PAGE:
Mail to the Monday Morning Quarterback:

Your Feb. 7 column on leave sharing and college loan programs for federal workers concluded: "If more people give than get, everybody wins. But if they become simply clearinghouses for a few givers and a lot of takers, it will reinforce what many claim: that civil servants can take it but they can't dish it out!"

How clever! In fact . . . most private businesses provide employees with health benefits, parental leave, scholarship programs . . . . But the federal government pays only a portion of health benefits, including insurance. Parental leave has to be taken on sick leave or vacation days. And don't look to the government for scholarships or loans. So the government is much less responsive to workers' needs than is most of private industry.

Leave sharing and college loan programs are asking employees to take up the slack for a less-than-fair employer. Let the poor care for the poor . . . and on salaries that the employer has held down for the past several years.

. . . Don't decry the stinginess of federal employees when it is their employer that fails to protect them against health emergencies or pay them enough to afford college for their children.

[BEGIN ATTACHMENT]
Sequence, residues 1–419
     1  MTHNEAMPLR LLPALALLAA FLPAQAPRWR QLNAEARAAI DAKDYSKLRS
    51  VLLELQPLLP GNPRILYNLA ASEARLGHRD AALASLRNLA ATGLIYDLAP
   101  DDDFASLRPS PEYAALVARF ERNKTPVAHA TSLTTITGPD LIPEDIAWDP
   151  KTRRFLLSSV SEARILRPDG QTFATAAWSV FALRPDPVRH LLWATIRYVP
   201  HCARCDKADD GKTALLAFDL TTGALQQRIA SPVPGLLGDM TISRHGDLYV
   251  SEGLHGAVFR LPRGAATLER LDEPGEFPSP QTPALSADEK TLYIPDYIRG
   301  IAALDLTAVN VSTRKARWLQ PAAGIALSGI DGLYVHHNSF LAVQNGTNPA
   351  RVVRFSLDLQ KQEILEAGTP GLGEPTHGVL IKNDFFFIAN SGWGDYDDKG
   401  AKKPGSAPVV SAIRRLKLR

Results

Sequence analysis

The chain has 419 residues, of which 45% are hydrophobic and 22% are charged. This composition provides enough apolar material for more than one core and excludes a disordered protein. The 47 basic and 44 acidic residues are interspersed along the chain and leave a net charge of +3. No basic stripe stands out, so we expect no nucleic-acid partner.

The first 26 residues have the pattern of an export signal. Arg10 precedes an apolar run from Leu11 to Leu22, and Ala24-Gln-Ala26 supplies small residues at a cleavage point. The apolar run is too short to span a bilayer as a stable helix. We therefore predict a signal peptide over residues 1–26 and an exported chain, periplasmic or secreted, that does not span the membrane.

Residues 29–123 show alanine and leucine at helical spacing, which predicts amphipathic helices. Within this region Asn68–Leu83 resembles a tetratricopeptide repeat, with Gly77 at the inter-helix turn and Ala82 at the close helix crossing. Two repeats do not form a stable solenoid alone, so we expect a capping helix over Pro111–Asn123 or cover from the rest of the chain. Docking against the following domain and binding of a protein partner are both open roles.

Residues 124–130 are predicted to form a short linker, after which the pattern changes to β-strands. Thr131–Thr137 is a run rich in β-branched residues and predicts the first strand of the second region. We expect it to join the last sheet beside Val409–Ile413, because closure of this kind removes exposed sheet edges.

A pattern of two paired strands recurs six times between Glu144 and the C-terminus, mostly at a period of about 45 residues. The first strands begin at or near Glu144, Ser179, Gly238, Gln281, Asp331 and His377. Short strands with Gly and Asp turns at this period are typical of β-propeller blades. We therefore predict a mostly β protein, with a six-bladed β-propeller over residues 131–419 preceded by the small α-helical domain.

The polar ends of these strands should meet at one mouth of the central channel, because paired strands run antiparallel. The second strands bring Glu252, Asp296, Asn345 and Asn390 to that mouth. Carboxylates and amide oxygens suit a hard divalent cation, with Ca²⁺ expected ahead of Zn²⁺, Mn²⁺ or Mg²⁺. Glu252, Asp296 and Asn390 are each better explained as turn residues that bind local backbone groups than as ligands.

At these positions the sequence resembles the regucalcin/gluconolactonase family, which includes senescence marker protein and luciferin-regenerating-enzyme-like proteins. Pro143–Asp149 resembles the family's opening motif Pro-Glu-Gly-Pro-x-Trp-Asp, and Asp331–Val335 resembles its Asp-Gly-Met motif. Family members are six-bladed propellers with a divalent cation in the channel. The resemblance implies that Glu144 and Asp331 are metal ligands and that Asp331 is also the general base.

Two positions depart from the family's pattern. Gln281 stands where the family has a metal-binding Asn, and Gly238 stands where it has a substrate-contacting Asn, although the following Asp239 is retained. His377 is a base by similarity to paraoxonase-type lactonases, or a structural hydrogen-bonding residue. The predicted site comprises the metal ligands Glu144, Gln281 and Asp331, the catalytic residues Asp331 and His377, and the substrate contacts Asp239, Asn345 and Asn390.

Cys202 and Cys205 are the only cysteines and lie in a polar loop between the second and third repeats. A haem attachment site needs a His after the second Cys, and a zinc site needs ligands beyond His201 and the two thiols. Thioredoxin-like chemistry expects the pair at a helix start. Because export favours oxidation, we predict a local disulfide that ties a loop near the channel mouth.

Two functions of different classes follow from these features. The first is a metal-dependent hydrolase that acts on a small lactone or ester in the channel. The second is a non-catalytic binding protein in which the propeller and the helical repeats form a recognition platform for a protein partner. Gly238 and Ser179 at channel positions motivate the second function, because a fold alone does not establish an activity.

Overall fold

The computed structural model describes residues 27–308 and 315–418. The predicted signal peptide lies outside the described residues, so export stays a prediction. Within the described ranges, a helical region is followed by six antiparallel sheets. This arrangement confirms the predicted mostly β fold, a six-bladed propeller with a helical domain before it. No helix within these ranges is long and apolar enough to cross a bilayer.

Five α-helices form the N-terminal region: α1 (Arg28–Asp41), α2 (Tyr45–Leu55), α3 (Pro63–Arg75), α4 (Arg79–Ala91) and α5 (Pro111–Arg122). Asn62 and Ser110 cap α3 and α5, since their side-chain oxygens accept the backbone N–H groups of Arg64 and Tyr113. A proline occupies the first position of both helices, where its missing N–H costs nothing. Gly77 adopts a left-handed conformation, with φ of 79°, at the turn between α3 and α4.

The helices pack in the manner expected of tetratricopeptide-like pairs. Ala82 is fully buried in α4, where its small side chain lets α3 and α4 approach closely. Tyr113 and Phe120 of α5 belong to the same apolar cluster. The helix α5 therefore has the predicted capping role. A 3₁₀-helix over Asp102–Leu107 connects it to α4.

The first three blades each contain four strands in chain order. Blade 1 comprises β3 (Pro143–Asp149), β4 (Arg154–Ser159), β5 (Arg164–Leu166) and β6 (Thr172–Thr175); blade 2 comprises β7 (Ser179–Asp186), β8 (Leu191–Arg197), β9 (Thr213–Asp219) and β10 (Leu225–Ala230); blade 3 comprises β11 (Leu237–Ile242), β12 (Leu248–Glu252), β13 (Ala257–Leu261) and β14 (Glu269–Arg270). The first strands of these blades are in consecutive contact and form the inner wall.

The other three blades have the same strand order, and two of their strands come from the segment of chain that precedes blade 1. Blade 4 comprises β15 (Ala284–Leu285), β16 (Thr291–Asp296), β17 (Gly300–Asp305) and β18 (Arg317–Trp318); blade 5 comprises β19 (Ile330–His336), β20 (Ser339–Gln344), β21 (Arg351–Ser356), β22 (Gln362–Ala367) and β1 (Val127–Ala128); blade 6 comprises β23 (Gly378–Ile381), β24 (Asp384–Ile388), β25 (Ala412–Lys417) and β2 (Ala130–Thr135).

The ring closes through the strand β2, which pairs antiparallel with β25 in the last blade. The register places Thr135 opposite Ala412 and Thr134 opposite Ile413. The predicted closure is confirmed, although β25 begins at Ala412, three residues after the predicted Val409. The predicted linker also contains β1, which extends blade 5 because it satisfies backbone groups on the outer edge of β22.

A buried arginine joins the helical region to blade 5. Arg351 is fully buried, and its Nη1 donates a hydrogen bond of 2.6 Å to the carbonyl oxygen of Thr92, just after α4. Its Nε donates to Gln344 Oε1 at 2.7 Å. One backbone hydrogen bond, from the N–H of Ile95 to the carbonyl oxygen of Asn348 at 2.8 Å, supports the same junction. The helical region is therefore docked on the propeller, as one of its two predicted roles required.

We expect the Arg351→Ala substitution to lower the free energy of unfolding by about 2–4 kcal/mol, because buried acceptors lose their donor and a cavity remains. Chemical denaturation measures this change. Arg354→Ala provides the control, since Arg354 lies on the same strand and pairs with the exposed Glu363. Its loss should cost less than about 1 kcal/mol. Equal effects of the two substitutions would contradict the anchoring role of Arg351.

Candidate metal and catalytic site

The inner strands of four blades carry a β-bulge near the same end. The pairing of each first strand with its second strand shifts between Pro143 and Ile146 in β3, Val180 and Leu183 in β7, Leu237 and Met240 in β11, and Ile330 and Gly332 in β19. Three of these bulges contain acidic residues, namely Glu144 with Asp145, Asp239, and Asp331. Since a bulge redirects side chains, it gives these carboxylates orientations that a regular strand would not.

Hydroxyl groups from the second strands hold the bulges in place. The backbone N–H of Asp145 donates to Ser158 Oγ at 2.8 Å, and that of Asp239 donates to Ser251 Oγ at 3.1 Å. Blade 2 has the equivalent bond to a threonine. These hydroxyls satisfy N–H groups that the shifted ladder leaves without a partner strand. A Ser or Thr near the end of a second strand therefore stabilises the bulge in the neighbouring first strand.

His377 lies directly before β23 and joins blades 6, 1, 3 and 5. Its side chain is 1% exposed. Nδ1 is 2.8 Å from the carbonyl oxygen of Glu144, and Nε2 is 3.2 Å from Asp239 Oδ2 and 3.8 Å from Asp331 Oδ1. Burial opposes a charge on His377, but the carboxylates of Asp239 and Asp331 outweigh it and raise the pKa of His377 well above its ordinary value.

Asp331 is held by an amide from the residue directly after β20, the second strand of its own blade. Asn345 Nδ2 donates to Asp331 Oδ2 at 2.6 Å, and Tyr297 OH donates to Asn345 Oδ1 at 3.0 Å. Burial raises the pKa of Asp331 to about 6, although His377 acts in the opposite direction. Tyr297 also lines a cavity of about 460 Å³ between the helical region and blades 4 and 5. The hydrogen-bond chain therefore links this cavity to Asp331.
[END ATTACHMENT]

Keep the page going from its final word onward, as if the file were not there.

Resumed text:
D.K., a wife of federal worker, in Arlington

The president's efforts at further "privatization" of the federal government must be blocked by Congress. Your column "Into the Private Domain" of Jan. 28 cites managing national parks and processing retirement claims, inter alia, as functions that the private sector are eager to take over. You also cite the open-season health insurance services for government retirees as a function that has already been turned over to a Midwestern Beltway Bandit.

It is inconceivable that any profit-oriented entrepreneur would fulfil the prime directive of the organic legislation creating the National Park Service, which is . . . "preserve and protect for the enjoyment of present and future generations the natural, cultural and historical heritage of our nation." Those in the business world, whose prime directive is the "quick buck," would soon turn our Shenandoahs, Yellowstones and Grand Canyons into paved-over amusement parks.

When the Reagan administration abolished my National Park Service job in 1982, I received my first retirement check the next month. I certainly hope that future retirees aren't subject to the inefficient cost-cutting mercies that are typical of private industry's handling of the health benefits open season.

I sent my change-of-insurance form to {the private contractor} in Iowa in time for it to be received in early December, and have the receipt to prove it. The only thing I have heard, so far, is a letter dated Jan. 15 confirming that the effective date of my change was Jan. 1 and that the premiums would be deducted from my annuity from that date even though it might take my insurance carrier up to 90 days to issue an identification card.

What a contrast from the last time I changed insurance plans back in 1970 when the old Civil Service Commission somehow managed to process the change without any delay whatsoever. K.H.K., Falls Church